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a well-known security primitive for secure key storage
and anti-counterfeiting. For both applications it is imperative
that PUFs provide enough entropy. The aim of this paper
is to propose a new model for binary-output PUFs such as
SRAM, DFF, Latch and Buskeeper PUFs, and a method to
accurately estimate their entropy. In our model the measurable
property of a PUF is its set of cell biases. We determine
an upper bound on the \'extractable entropy\', i.e. the number
of key bits that can be robustly extracted, by calculating the
mutual information between the bias measurements done at
enrollment and reconstruction.
In previously known methods only uniqueness was studied
using information-theoretic measures, while robustness was
typically expressed in terms of error probabilities or distances.
It is not always straightforward to use a combination of these
two metrics in order to make an informed decision about
the performance of different PUF types. Our new approach
has the advantage that it simultaneously captures both of
properties that are vital for key storage: uniqueness and
robustness. Therefore it will be possible to fairly compare
performance of PUF implementations using our new method.
Statistical validation of the new methodology shows that
it clearly captures both of these properties of PUFs. In other
words: if one of these aspects (either uniqueness or robustness)
is less than optimal, the extractable entropy decreases.
Analysis on a large database of PUF measurement data shows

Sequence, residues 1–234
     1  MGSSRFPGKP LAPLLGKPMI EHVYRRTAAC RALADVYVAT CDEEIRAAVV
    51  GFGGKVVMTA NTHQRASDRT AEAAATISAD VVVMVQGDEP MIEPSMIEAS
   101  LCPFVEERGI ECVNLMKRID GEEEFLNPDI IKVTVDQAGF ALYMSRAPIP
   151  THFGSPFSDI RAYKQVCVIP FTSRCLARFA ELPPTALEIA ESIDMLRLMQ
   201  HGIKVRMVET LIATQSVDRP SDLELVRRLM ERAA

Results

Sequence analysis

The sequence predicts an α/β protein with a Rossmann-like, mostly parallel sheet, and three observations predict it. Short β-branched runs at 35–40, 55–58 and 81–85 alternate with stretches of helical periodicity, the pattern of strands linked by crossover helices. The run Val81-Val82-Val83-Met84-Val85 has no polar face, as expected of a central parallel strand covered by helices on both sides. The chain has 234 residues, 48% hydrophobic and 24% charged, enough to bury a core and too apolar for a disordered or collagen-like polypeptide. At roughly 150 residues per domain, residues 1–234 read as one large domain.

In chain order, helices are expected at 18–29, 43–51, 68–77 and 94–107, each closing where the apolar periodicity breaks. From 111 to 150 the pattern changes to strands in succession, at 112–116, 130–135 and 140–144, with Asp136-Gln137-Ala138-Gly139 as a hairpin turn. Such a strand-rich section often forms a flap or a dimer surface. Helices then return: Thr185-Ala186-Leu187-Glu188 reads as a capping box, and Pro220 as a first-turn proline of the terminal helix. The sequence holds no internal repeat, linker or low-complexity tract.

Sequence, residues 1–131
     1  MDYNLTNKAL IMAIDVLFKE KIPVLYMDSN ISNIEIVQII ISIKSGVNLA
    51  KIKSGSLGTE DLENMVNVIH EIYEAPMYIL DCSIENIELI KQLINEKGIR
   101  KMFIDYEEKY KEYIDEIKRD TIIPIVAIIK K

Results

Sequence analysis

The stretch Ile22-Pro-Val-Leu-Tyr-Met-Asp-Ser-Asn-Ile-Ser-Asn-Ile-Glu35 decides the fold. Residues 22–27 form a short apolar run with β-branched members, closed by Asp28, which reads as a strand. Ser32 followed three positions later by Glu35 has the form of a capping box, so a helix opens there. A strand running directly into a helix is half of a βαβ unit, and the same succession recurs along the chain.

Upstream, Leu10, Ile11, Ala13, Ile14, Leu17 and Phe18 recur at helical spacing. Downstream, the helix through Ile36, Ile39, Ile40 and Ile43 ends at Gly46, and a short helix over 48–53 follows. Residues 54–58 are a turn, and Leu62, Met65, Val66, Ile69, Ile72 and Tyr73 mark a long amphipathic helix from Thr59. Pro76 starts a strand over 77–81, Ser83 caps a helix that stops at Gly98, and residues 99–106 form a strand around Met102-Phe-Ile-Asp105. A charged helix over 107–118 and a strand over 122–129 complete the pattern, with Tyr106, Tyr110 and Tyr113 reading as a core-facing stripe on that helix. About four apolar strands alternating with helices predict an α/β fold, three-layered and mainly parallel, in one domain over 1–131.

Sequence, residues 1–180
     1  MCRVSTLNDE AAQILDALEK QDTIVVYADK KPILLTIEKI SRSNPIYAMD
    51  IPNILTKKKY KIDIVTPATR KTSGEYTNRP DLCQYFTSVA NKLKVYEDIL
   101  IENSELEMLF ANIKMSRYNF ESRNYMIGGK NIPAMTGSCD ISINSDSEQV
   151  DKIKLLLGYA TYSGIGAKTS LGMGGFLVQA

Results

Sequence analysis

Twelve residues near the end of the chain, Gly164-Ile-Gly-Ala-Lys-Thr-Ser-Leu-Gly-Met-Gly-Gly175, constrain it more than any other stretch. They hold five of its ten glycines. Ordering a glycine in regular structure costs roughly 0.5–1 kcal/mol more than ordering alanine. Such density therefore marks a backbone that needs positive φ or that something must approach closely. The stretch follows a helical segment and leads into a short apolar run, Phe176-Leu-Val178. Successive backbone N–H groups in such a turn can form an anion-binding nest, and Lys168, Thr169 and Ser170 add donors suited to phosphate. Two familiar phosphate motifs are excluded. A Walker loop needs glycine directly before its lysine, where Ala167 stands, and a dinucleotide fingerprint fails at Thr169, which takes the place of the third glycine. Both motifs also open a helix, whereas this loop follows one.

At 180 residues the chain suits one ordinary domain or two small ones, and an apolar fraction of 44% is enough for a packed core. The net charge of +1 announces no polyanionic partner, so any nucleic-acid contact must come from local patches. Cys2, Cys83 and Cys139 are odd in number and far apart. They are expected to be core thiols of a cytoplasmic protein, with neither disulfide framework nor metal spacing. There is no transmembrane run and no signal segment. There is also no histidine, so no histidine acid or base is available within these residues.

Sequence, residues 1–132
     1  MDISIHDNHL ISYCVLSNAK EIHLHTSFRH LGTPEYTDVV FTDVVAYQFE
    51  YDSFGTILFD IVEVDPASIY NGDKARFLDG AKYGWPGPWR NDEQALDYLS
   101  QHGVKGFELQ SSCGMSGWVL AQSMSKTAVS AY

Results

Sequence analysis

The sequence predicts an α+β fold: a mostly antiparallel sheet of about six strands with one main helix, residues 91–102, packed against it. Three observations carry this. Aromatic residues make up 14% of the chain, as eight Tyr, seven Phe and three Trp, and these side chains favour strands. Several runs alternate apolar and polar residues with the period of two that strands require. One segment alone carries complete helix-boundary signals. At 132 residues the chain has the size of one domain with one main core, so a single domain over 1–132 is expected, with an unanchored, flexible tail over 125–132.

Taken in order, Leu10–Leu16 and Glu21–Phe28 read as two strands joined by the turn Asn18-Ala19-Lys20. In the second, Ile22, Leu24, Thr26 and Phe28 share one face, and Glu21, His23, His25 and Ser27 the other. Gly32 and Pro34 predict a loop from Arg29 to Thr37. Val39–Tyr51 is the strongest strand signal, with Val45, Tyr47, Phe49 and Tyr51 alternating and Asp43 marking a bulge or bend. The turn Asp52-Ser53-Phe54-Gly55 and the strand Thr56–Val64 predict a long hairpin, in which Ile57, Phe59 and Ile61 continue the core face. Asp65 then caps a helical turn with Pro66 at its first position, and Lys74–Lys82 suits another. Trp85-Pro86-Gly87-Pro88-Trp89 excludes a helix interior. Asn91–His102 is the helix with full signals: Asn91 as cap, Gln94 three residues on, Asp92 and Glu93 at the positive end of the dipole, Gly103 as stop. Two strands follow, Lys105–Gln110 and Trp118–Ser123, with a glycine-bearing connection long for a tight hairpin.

very high entropy for SRAM PUFs, but rather poor results
for all other memory-based PUFs in this database.
In this paper, we describe, characterize, and exploit this surprising structure. It is our thesis that the additional structure available in these curves will give rise to novel cryptographic constructions, and we initiate the study of such constructions. Both the subgroup hiding and SXDH assumptions appear to hold in the new setting; in addition, we introduce custom-tailored assumptions designed to capture the trapdoor nature of the projection maps into $G_1$ and $G_2$. Using the old and new assumptions, we describe an extended variant of the Boneh-Goh-Nissim cryptosystem that allows a user, at the time of encryption, to restrict the homomorphic operations that may be performed. We also present a variant of the Groth-Ostrovsky-Sahai NIZK, and new anonymous IBE, signature, and encryption schemes.
The studentships are only open to UK nationals and the successful candidate will be required to spend in the region of 2 - 4 weeks per year at GCHQ headquarters in Cheltenham. To be considered for this studentship, candidates must therefore be prepared to undergo GCHQ\\\'s security clearance procedures.
The studentships will be funded for a period of 3.5 years. GCHQ will cover the costs of university fees (currently £ 3828 per annum) and will provide an annual stipend to the student corresponding to the National Minimum Stipend (currently £ 13,590 per annum) plus an additional stipend of £ 7,000 per annum. Making a total tax-free stipend of £ 20,590 per annum. A generous travel budget is also provided to enable attendance at international conferences and workshops.
More information on Coding and Crypto Research Group at Nanyang Technological University can be found at http://www1.spms.ntu.edu.sg/~ccrg/index.html
The applications will be considered immediately. The positions are for 1 year, but renewable up to 3 years.